- Results include
Duffy, EamonNew Haven : Yale University Press, 2022
This prize-winning account of the pre-Reformation church recreates lay people's experience of religion, showing that late-medieval Catholicism was neither decadent nor decayed, but a strong and vigorous tradition. For this edition, Duffy has written a new introduction reflecting on recent developments in our understanding of the period. "A mighty and momentous book: a book to be read and re-read, pondered and revered; a subtle, profound book written with passion and eloquence, and with masterly control."-J. J. Scarisbrick, The Tablet "Revisionist history at its most imaginative and exciting. . . . [An] astonishing and magnificent piece of work."-Edward T. Oakes, Commonweal "A magnificent scholarly achievement, a compelling read, and not a page too long to defend a thesis which will provoke passionate debate."-Patricia Morison, Financial Times "Deeply imaginative, movingly written, and splendidly illustrated."-Maurice Keen, New York Review of Books Winner of the Longman-History Today Book of the Year Award.
Duffy, EamonNew Haven : Yale University Press, ©2001.
"In the fifty years between 1530 and 1580, England moved from being one of the most lavishly Catholic countries in Europe to being a Protestant nation, a land of whitewashed churches and anti-papal preaching. What was the impact of this religious change in the countryside? And how did country people feel about the revolutionary upheavals that transformed their mental and material worlds under Henry VIII and his three children?" "In this book a reformation historian takes us inside the mind and heart of Morebath, a remote and tiny sheep farming village where thirty-three families worked the difficult land on the southern edge of Exmoor. The bulk of Morebath's conventional archives have long since vanished. But from 1520 to 1574, through nearly all the drama of the English Reformation, Morebath's only priest, Sir Christopher Trychay, kept the parish accounts on behalf of the churchwardens. Opinionated, eccentric, and talkative, Sir Christopher filled these vivid scripts for parish meetings with the names and doings of his parishioners. Through his eyes we catch a rare glimpse of the life and pre-reformation piety of a sixteenth-century English village."--Jacket.
Duffy, EamonLondon, UK ; New York, NY, USA : Bloomsbury Continuum, an imprint of Bloomsbury Publishing Plc, 2017.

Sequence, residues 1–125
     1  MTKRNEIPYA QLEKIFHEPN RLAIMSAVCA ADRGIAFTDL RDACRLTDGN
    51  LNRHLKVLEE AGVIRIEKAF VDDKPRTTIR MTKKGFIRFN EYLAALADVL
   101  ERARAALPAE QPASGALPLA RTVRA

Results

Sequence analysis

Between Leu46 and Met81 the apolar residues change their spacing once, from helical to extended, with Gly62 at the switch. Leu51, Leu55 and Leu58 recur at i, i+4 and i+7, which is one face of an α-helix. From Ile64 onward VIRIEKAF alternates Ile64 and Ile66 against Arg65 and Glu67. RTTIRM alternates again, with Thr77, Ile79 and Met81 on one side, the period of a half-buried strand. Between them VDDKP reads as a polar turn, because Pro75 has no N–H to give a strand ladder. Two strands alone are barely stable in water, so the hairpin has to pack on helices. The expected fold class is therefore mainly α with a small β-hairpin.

Published to mark the 500th anniversary of the events of 1517, Reformation Divided explores the impact in England of the cataclysmic transformations of European Christianity in the sixteenth and seventeenth centuries. The religious revolution initiated by Martin Luther is usually referred to as `The Reformation', a tendentious description implying that the shattering of the medieval religious foundations of Europe was a single process, in which a defective form of Christianity was replaced by one that was unequivocally benign, `the midwife of the modern world'. The book challenges these assumptions by tracing the ways in which the project of reforming Christendom from within, initiated by Christian `humanists' like Erasmus and Thomas More, broke apart into conflicting and often murderous energies and ideologies, dividing not only Catholic from Protestant, but creating deep internal rifts within all the churches which emerged from Europe's religious conflicts. The book is in three parts: In `Thomas More and Heresy', Duffy examines how and why England's greatest humanist apparently abandoned the tolerant humanism of his youthful masterpiece Utopia, and became the bitterest opponent of the early Protestant movement. `Counter-Reformation England' explores the ways in which post-Reformation English Catholics accommodated themselves to a complex new identity as persecuted religious dissidents within their own country, but in a European context, active participants in the global renewal of the Catholic Church. The book's final section `The Godly and the Conversion of England' considers the ideals and difficulties of radical reformers attempting to transform the conventional Protestantism of post-Reformation England into something more ardent and committed. In addressing these subjects, Duffy shines new light on the fratricidal ideological conflicts which lasted for more than a century, and whose legacy continues to shape the modern world.